This sounds ambitious and generous until you do the sums and realise it would result in average payments of just £1,000 per year, £20 per week – well short of the amount required to secure any meaningful care package for any but the most minor health needs, even if the services required were available and the patient/client was confident enough and able to sort out their own care.

    The latest figures show that the vision was unrealistic on almost every level: the number of personal health budgets has apparently been rising each year since they launched in 2014, but there were fewer than 23,000 people receiving one in the first nine months of 2017/18 – a long way short of 5 million.

    Carers, too, were promised new support by the FYFV (not for the first time, and no doubt not for the last): yet the plight of carers remains desperate, with increased misery for many of them hit by the succession of welfare cuts and the nightmare of universal credit.

    Also, according to the FYFV, barriers between GPs and hospitals, physical and mental health and health and social care were going to be broken down: there was going to be a “Forward View” for GPs and a shift of investment from secondary care into primary care (how many times have governments proposed that since the 1980s?); and there were bold promises to invest in more staff and improved services for mental health.

    Predictably none of these things have happened. Barriers are still intact. Overworked, under-staffed GPs face ever-increasing demands, with no sign of the promised increase in numbers or resources. In mental health there are thousands fewer mental health nursing staff than there were in 2010, and the performance on almost every measure is as bad or worse than 2014.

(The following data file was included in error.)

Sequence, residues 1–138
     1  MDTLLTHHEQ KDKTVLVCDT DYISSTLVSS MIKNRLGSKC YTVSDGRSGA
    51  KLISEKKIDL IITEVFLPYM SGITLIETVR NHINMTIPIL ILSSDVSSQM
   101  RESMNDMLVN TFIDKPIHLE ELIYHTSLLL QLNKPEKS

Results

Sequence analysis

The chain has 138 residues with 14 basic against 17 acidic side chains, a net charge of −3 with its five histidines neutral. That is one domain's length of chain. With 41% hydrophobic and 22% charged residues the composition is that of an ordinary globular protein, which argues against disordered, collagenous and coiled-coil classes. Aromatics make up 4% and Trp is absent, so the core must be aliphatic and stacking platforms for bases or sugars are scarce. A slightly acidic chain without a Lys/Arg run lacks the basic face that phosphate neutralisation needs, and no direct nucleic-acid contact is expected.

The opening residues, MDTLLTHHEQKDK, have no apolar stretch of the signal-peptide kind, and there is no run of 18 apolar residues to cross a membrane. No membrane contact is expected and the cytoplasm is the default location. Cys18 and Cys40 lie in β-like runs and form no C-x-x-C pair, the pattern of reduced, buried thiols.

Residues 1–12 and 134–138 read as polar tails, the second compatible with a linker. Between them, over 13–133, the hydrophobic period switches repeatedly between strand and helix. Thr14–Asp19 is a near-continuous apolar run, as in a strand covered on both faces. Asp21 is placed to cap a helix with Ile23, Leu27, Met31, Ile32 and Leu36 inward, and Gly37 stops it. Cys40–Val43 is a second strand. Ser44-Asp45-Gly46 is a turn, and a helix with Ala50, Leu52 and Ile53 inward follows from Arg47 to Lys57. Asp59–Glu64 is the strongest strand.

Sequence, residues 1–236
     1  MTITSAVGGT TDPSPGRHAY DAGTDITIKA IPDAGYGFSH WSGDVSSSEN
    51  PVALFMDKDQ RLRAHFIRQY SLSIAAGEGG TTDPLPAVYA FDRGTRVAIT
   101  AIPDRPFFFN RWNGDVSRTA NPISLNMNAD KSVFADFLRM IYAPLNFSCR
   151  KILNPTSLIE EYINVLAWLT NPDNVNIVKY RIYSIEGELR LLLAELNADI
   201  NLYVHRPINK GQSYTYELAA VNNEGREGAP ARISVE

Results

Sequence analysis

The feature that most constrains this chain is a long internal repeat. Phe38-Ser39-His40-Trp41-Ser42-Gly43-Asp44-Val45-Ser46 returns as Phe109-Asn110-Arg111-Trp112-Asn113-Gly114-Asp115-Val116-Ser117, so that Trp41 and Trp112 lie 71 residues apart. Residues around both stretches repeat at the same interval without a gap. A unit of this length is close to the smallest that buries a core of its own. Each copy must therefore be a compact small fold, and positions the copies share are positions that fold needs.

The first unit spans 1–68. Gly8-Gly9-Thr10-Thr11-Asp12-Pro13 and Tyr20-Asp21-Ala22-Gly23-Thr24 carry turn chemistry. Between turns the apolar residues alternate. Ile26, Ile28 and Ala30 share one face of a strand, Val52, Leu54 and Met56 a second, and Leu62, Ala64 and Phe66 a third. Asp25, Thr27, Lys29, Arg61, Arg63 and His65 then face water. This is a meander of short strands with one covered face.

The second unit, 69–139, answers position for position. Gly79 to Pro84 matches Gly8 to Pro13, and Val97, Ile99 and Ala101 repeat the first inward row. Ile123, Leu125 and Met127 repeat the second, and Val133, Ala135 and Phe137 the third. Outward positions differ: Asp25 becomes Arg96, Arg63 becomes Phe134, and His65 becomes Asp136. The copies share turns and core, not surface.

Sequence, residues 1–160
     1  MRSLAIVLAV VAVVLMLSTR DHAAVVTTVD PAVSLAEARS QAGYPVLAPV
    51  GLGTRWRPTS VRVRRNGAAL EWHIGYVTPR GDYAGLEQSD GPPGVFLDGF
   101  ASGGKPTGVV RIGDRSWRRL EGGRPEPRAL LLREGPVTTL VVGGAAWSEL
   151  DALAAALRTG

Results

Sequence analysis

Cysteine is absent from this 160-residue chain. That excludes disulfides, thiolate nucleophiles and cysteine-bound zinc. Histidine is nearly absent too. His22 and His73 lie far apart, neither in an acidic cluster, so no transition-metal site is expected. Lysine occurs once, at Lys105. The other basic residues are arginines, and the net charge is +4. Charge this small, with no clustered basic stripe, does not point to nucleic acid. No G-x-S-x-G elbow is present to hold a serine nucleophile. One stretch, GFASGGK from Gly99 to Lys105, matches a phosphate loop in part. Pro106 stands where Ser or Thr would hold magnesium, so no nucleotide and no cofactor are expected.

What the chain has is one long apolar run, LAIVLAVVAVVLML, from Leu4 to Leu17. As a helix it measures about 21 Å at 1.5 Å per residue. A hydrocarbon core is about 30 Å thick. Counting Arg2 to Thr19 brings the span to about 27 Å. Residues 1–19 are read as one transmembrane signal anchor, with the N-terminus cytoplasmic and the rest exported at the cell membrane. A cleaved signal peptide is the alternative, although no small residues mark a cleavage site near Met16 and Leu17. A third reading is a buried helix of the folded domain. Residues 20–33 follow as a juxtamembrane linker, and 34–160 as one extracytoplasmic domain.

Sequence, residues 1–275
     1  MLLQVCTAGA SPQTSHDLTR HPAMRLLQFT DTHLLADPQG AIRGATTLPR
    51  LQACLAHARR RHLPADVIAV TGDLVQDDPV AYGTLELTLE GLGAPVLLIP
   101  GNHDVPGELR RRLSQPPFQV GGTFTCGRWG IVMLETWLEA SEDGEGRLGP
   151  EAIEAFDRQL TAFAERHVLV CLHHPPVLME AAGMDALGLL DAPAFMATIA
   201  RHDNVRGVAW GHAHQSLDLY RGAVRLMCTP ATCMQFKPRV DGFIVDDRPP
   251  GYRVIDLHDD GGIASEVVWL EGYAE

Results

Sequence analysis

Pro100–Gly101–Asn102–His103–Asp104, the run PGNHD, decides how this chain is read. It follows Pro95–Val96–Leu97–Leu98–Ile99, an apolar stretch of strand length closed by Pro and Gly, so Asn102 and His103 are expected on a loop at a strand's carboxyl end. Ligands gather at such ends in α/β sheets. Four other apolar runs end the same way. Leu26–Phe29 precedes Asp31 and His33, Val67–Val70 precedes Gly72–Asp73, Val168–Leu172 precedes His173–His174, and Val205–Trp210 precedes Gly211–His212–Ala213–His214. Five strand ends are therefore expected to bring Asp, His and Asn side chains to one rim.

The FYFV also looked to technology and new apps as a way to improve the monitoring of the conditions of some patients with long term conditions – a proposal echoed more recently by Matt “The App” Hancock, the current Health Secretary: but five years later the idea that apps could actually replace the need for staff or health care in more than a few cases is still desperately lacking in evidence.

    The FYFV promised that: “Different local health communities will … be supported by the NHS’ national leadership to choose from amongst a small number of radical new care delivery options, and then given the resources and support to implement them where that makes sense.”

    This was the basis on which – almost exactly three years ago – NHS England issued its edict on December 23 2015 that led to the drawn out process of redividing the NHS into 44 “footprints” each of which was to draw up a “Sustainability and Transformation Plan” (STP).

    The chaotic and secretive process that this unleashed during 2016 meant that by the time the half-baked and inadequate ‘plans’ were published at the end of the year the very term STP had become toxic. Since then many if not a majority of the STP proposals for reductions in bed numbers have been abandoned, along with some reconfiguration plans for hospital services, because they were not only unpopular but unworkable.